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Artistic depiction of Azrael, the Angel of Death, by Evelyn De Morgan.

Azrael is the name of the Archangel of Death in some extrabiblical traditions. He is also the angel of death in Islamic theology. It is an English form of the Arabic name ʿIzrāʾīl (عزرائيل) or Azra'eil (عزرایل), the name traditionally attributed to the angel of death in Islam and Sikhism, as well as some Hebrew lore.[1][2] The Qur'an never uses this name, referring instead to Malak al-Maut (which translates directly as angel of death). It is also spelled Izrail, Azrin, Izrael, Azriel, Azrail, Ezraeil, Azraille, Azryel, Ozryel, or Azraa-eel. Chambers English dictionary uses the spelling Azrael. The name literally means Whom God Helps.,[1] an adaptation form of Hebrew.


Azrael, the angel of death in the Jewish and Islamic religions. He watches over the dying, separates the soul from the body, and receives the spirits of the dead. Although some sources have speculated about a connection between Azrael and the human priest Ezra,[3] he is generally depicted as an archangel whose history long predates this figure. Rather than merely representing death personified, Azrael is usually described in Islamic sources as subordinate to the will of God "with the most profound reverence."[4] In Jewish mysticism he is identified as the embodiment of evil, not necessarily or specifically evil itself.[1] Depending on the outlook and precepts of various religions in which he is a figure, Azrael may be portrayed as residing in the Third Heaven.[5] In one of his forms, he has four faces and four thousand wings, and his whole body consists of eyes and tongues, the number of which corresponds to the number of people inhabiting the Earth. He will be the last to die, recording and erasing constantly in a large book the names of men at birth and death, respectively.[6] Riffian (Berber) men of Morocco had the custom of shaving the head but leaving a single lock of hair on either the crown, left, or right side of the head, so that the angel Azrael is able " pull them up to heaven on the Last Day."[7]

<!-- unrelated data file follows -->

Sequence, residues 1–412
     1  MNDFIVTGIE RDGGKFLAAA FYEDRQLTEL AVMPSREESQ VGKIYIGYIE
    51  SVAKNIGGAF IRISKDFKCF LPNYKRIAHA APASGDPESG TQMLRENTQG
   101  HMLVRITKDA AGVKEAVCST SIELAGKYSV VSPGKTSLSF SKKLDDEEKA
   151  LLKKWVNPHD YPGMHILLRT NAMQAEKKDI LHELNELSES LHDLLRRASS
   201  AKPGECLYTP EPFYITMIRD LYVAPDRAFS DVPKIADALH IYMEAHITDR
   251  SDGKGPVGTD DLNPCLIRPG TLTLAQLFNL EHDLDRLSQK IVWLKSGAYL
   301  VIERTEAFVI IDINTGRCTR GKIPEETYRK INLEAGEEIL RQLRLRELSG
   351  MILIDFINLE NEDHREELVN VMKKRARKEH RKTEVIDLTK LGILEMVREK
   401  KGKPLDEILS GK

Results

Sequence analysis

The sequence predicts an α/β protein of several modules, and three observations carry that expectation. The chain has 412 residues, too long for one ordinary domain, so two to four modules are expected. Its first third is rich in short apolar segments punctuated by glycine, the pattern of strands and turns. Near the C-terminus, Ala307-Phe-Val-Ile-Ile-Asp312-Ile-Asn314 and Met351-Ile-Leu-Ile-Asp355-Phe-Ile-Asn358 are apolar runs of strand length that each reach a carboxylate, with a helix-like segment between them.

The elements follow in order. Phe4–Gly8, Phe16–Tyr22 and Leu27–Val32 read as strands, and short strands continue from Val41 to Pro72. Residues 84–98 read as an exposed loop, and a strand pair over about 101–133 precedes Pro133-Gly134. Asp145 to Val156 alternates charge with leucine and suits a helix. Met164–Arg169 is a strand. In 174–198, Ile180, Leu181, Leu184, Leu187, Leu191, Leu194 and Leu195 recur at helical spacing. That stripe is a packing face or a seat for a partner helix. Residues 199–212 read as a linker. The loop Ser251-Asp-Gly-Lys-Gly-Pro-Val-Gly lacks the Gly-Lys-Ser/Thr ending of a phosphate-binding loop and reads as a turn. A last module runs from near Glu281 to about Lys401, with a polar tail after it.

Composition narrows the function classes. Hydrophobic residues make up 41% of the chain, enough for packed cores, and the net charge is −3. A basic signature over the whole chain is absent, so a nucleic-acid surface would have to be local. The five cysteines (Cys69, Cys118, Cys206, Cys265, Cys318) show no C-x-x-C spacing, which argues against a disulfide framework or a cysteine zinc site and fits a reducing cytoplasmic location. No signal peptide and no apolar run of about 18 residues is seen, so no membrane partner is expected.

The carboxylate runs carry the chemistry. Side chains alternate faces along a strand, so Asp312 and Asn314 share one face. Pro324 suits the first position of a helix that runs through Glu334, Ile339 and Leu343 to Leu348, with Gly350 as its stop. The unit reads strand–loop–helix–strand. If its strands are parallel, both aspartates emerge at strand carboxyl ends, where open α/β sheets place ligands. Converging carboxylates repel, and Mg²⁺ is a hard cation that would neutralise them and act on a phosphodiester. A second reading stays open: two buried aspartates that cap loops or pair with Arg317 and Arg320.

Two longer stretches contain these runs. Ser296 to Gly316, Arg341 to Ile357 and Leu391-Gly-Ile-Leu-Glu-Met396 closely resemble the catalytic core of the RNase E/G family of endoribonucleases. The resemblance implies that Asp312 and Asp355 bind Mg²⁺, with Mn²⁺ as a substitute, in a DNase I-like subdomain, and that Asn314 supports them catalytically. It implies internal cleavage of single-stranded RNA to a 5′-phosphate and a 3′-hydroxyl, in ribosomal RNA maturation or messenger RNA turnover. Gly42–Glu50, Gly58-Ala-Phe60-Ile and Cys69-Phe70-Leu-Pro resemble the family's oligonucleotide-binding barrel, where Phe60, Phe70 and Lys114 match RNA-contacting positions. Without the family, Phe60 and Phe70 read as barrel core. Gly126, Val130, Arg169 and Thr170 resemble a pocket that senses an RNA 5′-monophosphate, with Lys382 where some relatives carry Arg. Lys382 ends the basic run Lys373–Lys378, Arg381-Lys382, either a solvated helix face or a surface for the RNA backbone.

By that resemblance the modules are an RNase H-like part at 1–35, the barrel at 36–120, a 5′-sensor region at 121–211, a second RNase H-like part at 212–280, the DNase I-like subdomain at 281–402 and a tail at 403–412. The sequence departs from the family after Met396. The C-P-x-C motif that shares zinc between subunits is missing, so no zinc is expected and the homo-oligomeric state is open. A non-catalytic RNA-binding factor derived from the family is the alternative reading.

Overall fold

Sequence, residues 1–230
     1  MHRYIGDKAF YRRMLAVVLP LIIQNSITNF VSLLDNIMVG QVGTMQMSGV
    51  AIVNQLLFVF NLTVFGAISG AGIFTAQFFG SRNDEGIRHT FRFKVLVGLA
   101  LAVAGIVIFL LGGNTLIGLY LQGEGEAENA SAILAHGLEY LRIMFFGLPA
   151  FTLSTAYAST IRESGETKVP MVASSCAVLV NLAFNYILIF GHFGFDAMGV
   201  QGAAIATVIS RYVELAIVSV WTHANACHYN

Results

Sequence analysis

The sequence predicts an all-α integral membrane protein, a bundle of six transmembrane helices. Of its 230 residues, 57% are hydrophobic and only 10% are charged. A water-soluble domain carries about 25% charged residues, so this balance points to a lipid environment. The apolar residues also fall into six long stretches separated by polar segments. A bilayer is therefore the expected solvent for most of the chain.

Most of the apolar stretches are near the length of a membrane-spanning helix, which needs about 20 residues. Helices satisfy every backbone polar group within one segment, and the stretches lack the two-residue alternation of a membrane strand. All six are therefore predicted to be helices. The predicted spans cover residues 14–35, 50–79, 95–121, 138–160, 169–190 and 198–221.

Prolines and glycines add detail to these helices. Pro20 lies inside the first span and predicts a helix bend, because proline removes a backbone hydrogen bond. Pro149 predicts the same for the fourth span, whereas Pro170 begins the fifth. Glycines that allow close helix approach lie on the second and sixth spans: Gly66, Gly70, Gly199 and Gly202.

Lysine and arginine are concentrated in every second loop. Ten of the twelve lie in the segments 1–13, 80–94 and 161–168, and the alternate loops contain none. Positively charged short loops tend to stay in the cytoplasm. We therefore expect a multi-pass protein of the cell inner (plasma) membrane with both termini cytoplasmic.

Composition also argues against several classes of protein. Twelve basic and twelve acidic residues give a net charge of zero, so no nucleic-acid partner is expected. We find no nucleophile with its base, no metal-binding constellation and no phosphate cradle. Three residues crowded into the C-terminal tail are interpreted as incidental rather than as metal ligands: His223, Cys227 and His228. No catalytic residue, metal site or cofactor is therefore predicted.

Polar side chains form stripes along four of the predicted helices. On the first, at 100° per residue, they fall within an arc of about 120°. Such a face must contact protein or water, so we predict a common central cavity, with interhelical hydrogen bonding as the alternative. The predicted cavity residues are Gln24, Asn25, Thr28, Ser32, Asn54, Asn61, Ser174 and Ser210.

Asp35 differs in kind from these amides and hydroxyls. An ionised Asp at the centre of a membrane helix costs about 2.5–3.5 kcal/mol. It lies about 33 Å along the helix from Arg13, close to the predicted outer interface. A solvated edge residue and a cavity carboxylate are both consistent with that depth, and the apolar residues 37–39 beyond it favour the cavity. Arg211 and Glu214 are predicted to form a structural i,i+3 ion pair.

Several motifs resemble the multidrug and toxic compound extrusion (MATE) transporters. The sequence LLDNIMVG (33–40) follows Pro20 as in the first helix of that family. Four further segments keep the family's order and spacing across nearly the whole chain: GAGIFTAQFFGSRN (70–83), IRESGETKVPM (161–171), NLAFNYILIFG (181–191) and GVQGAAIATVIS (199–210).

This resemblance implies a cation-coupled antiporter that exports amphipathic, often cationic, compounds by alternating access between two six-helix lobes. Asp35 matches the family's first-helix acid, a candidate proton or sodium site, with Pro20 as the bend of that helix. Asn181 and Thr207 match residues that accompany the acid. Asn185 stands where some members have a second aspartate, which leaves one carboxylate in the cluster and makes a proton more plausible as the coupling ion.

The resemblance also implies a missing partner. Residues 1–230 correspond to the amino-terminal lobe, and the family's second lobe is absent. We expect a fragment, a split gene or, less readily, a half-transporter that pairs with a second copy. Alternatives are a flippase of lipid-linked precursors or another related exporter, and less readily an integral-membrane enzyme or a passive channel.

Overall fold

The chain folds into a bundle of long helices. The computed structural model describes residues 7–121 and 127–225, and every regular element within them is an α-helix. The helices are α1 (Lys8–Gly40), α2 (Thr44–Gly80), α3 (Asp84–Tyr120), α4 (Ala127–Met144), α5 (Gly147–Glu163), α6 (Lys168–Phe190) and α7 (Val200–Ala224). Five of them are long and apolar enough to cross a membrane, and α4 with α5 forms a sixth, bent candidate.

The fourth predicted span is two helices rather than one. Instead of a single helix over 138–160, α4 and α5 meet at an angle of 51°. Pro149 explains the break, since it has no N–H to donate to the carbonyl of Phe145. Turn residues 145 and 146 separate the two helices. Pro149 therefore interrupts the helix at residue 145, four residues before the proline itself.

In Islam

Azrael, also pronounced as Izrael, is the name given to the angel of death in Muslim literature as well. Along with Gabriel, Michael, Raphael (archangel) and other angels, Azrael is believed by Muslims to be one of the archangels[8]. The Qur'an states that the angel of death takes the soul of every person and returns it to God[9]. However, the Qur'an makes it clear that only God knows when and where each person will be taken by death[10], thus making it clear that Azrael has no power of his own. Several Muslim traditions recount meetings between Azrael and the prophets, the most famous being a conversation between Azrael and Moses[11].

In art and literature

Azrael, as both a character or a more abstract concept has been adopted by many different artists, musicians, poets, and authors over the centuries to express or evoke a variety of different meanings or emotions in the reader – often drawing on the cultural resonance of the name for effect.

Depiction of Azrael by Mikhail Vrubel.

In literature, Azrael has been featured by a variety of authors, across a broad range of styles and countries.

  • The Mexican poet Amado Nervo wrote a poem entitled "Azrael".
  • Azrael is a character in Arthur Miller's play "The Creation of the World and Other Business".
  • Asrael is a symphony by Czech composer Josef Suk, dating from 1906.
  • In Salman Rushdie's 1988 novel The Satanic Verses, voiceover artist Saladin Chamcha has a vision of Azrael.